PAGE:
• Aaron Siskind pioneered a sort of documentary photography of New York and its inhabitants that combined straight documentation with a strong flavor of Abstract Expressionism, a distinctly American painting style dominant worldwide during the 1950s and 1960s. Siskind was a friend of many Abstract Expressionist painters, like Jackson Pollock and de Kooning. Their influence shows in Siskind’s work.
  • W. Eugene Smith — Smith was one of the most important photojournalists of the 20th Century. Initially hired out of high school by Newsweek and then by Life just before World War II, Smith documented the Marines in their drive across the Central Pacific, landing with the Marine assault waves at Saipan, Guam, Iwo Jima and Okinawa, where he was severely wounded. After the war, Smith pioneered the extended photojournalism essay. His famous photo essays include “Country Doctor,” humanitarian Albert Schweitzer on location in Africa and, most famously, an essay in 1972 of the terrible suffering and birth defects caused by massive mercury pollution at Minamata, Japan. While in Minamata, Smith was badly beaten by thugs hired by the Chisso Company. Smith never really recovered from the Minamata beating, dying in Tucson of a stroke several years later. Smith remains the master of the photojournalistic essay.
  • Edward Steichen — Steichen was a remarkable photographer who grew up in the Midwest. Brother-in-law to American poet and Lincoln biographer, Carl Sandburg, Steichen either invented or helped develop nearly every type of 20th Century photography, including fine art, advertising, portrait, Army WWI aerial reconnaissance, naval aviation photography in WWII, and, later, the blockbuster photography exhibit, the 1955 “The Family of Man,” orchestrated by him as head of the photo department at New York’s Museum of Modern Art. The Redoubt Reporter’s Sept. 3, 2014, edition took an in-depth look at Steichen. You can find that earlier article online.
  • Alfred Stieglitz was Steichen’s mentor and later partner in pioneering photo magazines and in the famous photo secession and 291 galleries that introduced modern art to early 20th Century America. Modern American photography essentially began with Stieglitz, who taught a generation of photographers, including Ansel Adams and Edward Weston, to see clearly and strongly, without the pretense of “artiness.” In the process, Stieglitz produced some of the first photographs based on a modern artistic sense. Stieglitz was married for decades to famous American painter Georgia O’Keefe.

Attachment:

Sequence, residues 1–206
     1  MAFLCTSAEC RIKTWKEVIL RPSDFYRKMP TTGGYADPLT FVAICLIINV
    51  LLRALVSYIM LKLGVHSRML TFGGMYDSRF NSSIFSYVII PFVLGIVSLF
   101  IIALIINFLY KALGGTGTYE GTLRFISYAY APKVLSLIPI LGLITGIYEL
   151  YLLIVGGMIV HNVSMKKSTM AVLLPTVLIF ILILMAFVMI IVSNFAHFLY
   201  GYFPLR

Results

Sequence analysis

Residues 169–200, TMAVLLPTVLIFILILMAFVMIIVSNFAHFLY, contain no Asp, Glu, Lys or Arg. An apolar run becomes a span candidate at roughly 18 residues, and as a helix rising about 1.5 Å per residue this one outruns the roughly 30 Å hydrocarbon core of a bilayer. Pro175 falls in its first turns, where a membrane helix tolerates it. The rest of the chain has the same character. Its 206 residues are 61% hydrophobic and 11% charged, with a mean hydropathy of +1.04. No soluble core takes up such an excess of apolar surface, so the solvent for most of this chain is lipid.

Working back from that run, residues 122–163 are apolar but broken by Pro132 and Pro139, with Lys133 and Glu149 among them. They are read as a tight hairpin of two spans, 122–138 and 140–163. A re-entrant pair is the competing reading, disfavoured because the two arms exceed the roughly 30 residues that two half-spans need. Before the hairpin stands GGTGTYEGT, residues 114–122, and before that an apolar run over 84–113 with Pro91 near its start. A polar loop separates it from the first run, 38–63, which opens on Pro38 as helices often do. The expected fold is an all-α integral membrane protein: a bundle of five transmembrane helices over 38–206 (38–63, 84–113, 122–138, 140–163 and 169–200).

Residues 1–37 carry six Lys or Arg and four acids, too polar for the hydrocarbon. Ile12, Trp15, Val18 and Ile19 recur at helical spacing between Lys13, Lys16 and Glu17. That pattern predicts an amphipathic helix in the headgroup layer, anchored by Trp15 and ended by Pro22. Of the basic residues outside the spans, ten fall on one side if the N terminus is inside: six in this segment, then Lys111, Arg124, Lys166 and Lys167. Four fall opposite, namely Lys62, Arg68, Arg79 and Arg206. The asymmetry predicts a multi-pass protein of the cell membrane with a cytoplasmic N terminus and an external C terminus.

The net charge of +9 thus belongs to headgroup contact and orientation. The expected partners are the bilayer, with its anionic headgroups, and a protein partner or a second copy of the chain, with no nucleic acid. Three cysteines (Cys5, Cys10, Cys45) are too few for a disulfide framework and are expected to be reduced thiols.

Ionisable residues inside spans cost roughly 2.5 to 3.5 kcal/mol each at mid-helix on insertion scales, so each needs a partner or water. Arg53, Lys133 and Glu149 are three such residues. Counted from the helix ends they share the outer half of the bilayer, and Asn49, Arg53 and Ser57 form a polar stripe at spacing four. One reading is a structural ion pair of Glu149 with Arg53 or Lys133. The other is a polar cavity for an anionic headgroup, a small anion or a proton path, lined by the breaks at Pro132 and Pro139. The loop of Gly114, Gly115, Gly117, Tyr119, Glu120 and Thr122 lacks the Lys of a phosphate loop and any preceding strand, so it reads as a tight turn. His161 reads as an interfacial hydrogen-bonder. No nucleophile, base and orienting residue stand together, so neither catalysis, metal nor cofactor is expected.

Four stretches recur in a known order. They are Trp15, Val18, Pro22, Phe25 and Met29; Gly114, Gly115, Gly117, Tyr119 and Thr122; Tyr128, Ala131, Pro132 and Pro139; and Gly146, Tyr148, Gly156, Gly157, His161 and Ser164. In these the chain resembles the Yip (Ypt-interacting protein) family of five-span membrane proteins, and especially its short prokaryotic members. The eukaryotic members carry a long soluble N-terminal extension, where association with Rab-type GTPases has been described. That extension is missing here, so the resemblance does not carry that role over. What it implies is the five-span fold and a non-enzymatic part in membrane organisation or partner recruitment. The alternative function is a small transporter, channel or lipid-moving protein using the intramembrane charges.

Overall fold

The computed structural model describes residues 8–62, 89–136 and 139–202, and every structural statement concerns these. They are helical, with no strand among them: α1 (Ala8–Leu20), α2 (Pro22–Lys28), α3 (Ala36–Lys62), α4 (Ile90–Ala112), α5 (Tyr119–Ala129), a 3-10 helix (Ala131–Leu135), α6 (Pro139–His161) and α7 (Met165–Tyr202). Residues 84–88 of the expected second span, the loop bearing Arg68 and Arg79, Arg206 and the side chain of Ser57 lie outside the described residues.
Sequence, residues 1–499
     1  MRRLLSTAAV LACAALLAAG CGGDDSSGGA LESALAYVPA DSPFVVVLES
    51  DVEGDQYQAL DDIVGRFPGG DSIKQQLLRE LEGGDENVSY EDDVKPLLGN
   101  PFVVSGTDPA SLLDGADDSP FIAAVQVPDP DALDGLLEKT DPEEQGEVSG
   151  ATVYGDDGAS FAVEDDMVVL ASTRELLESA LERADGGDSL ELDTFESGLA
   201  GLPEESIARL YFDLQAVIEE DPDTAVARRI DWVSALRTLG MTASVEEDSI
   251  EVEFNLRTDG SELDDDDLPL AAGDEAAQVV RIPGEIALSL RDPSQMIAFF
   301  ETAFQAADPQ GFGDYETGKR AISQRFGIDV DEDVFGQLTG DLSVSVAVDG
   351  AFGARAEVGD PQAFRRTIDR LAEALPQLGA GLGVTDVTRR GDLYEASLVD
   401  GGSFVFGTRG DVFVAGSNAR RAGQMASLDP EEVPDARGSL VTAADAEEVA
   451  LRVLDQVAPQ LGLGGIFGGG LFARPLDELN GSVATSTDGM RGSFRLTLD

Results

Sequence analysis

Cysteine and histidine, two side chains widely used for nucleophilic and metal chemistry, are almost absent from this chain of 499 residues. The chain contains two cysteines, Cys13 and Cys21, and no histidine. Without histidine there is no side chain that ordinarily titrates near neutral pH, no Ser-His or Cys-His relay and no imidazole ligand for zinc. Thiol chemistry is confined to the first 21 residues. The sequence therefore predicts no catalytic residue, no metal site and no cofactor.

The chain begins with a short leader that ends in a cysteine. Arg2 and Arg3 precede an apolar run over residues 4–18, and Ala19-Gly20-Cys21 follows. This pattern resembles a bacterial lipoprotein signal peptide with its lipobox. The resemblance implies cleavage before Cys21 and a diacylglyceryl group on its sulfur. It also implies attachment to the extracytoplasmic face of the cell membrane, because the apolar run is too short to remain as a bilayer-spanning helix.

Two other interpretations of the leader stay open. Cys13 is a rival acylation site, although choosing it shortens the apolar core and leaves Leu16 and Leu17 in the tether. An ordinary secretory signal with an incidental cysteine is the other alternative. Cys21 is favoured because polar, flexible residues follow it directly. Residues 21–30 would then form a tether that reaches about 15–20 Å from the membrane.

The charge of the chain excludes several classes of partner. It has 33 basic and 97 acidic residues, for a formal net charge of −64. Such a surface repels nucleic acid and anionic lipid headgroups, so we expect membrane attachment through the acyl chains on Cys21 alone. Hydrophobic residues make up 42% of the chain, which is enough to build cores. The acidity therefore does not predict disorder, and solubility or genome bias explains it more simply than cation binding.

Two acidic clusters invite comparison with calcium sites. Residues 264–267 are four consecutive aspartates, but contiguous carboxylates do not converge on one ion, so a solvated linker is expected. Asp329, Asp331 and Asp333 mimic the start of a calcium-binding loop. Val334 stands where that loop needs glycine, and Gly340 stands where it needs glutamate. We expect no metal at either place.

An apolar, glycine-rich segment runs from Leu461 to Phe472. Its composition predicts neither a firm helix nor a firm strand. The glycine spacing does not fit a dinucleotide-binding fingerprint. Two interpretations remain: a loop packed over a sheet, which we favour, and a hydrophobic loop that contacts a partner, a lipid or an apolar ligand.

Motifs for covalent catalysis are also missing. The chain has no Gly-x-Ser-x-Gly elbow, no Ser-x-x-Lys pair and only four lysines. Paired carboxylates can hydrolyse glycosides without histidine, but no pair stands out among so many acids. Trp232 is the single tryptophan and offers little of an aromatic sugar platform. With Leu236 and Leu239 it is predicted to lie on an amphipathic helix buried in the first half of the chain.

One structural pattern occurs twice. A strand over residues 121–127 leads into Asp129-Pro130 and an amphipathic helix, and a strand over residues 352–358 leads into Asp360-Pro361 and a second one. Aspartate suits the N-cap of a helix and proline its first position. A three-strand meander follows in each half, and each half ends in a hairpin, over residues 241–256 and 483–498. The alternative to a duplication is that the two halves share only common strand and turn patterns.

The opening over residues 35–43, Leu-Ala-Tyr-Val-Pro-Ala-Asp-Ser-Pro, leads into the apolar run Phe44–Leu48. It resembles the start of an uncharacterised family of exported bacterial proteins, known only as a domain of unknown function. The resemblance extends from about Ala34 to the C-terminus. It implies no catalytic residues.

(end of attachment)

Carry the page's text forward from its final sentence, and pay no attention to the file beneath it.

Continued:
• Paul Strand — By 1915, Strand was producing powerful “straight” images that depicted the world as it really was but that simultaneously stood out as artistically powerful. Strand made good use of stark lines and other abstract elements in his portraits and other documentary photos. Strand worked into the 1970s and remains one of the most important influences on serious fine art photographers who prefer “straight” photography rather than manipulated images.
  • Josef Sudek — Sudek was a Czech photographer sometimes called the “Poet of Prague.” Despite personal danger, Sudek documented the urban landscapes around Prague through great sweeps of history, including the last years of the Austro-Hungarian Empire, World War I, the 1938 Nazi dismemberment of Czechoslovakia, World War II, Communism and the Iron Curtain, and finally the 1968 Prague Spring democratic uprising and the Soviet Union’s brutal suppression of that democratic movement. Sudek became known in the West only toward the end of his life, when John Banville smuggled Sudek’s negatives across the Cold War Iron Curtain.
  • Hiroshi Sugimoto — Sugimoto is currently Japan’s most prominent fine art photographer, best known for his seascapes and very lengthy time exposures in which people are not recorded as part of the image.

Local attorney Joe Kashi received degrees from MIT and his law degree from Georgetown University. He has published articles about computer technology, law practice and digital photography in national media since 1990. Many of his articles can be accessed through his website,